Thoughts continued from Organizational Turnkey and the Great American Detox
I think the turnkey approach can be incredibly helpful in many industries and organizations… but in my opinion, local church is not one of them. To reiterate, this is my opinion, and I’m voicing it, hopefully, to relieve some pressure that many of our local church communities can so easily begin to feel — finding themselves taking on things they were never meant to take on, carrying things they were never meant to carry, and trying to be something they were never meant to be. Because of the way we, the church, have looked to marketing and business as the way we build, organize, and strategize [which are, at times, incredibly helpful tools], we have unfortunately also taken on this pressure to offer every spiritual service imaginable — often for the sake of marketing or more simply, appeasement — going back to our turnkey definition from my previous entry: a complete product or service that is ready for immediate use. Is it necessary [or healthy] for a local believing community to be a spiritual one-stop shop? Is there a subtle cost that we are paying for over time?
For the body does not consist of one part, but of many… If the whole body were an eye, where would the sense of hearing be? If the whole body were an ear, where would the sense of smell be? But in fact, God has arranged the members of the body, every one of them, according to His design. If they were all one part, where would the body be? As it is, there are many parts, but one body (1 Corinthians 12).
Paul’s admonition has often been directed toward the individual, but not typically toward the local congregation of believers. Yes, each community of believers is made up of many gifts. But to say each groups is to carry the fullness of the glory of Jesus [his entire body], would not be correct, as it’s missing entirely the purpose of the whole, universal, catholic body of believers — the one body of Christ. There are not local bodies of Christ… There is only one body and He, the head, has invited us to be part of what He is doing.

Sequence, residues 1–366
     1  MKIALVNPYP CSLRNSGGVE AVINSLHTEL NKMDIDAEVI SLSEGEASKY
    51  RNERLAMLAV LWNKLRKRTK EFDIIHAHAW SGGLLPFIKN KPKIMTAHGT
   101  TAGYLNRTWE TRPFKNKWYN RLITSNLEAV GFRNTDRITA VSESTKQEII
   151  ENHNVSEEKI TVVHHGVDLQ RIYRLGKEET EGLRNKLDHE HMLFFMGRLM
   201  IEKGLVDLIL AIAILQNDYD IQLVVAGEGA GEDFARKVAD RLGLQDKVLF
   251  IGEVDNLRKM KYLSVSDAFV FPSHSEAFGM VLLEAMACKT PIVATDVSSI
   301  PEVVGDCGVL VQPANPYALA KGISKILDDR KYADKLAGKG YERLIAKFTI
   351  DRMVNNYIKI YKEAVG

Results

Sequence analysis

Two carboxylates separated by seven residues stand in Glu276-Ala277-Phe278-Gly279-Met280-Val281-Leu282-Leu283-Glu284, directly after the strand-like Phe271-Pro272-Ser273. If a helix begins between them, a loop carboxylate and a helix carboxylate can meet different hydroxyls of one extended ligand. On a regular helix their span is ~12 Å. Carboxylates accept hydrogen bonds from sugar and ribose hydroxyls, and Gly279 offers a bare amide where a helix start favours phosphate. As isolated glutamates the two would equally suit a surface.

Despite this reality, our churches and leadership teams feel pressure to be the best in every area — Hollywood caliber teaching, rockstar worship experience, over the top youth and children programs, small groups geared toward the older generation, the newly married, the not married, the young families, the empty-nesters, the un-nested. What we do in the name of excellence, if we are not careful, becomes an aside that distracts us from the very identity the Spirit of God has spoken into each distinct expression of his body — communicating a unique piece of His heart and character.
So where do we go from here?
We have each been uniquely created. We have each been uniquely gifted. Would it not also be true that each community of believing people would also be unique in composition? It takes courageous leadership to communicate this is who we are, this is what we are best at, this is our contribution.
Let’s courageously ask ourselves… What is my contribution? What is my part? Where do I come alive and how do I bring God glory from this place? How does he want to impact my world?
And leaders, let’s ask the same of our local expressions… How has the Spirit of God identified us? Who has he called us to be? — And taking it one step further — What areas are we weaker in? — And another amazingly courageous step forward — What other groups, communities, organizations are strong in these areas and how has God invited us to join together in order to further his kingdom in our region?
Instead of reinventing the wheel — the wheel that we really don’t have time, energy, vision, capacity, to build anyway — what if we walked out of our house and looked down the street to see if anyone else had already built it. What if, when we do find someone with the wheel we are missing, we ask them if we could come down to their house to use their wheel too?
It could really position us to keep doing what we do best. And, you know what? As we get to know the folks who’s wheel we are using, we might even become friends.
Phil Rice — philrice.blog
Executive Director of Ember